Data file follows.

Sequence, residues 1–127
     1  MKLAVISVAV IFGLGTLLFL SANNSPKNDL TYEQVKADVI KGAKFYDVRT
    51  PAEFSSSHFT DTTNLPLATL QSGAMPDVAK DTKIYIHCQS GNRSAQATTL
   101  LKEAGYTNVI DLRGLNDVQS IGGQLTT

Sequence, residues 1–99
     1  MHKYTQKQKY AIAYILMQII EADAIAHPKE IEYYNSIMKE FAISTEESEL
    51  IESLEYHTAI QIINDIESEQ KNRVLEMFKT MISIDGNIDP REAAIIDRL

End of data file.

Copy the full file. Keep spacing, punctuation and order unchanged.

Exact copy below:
Sequence, residues 1–127
     1  MKLAVISVAV IFGLGTLLFL SANNSPKNDL TYEQVKADVI KGAKFYDVRT
    51  PAEFSSSHFT DTTNLPLATL QSGAMPDVAK DTKIYIHCQS GNRSAQATTL
   101  LKEAGYTNVI DLRGLNDVQS IGGQLTT

Sequence, residues 1–99
     1  MHKYTQKQKY AIAYILMQII EADAIAHPKE IEYYNSIMKE FAISTEESEL
    51  IESLEYHTAI QIINDIESEQ KNRVLEMFKT MISIDGNIDP REAAIIDRL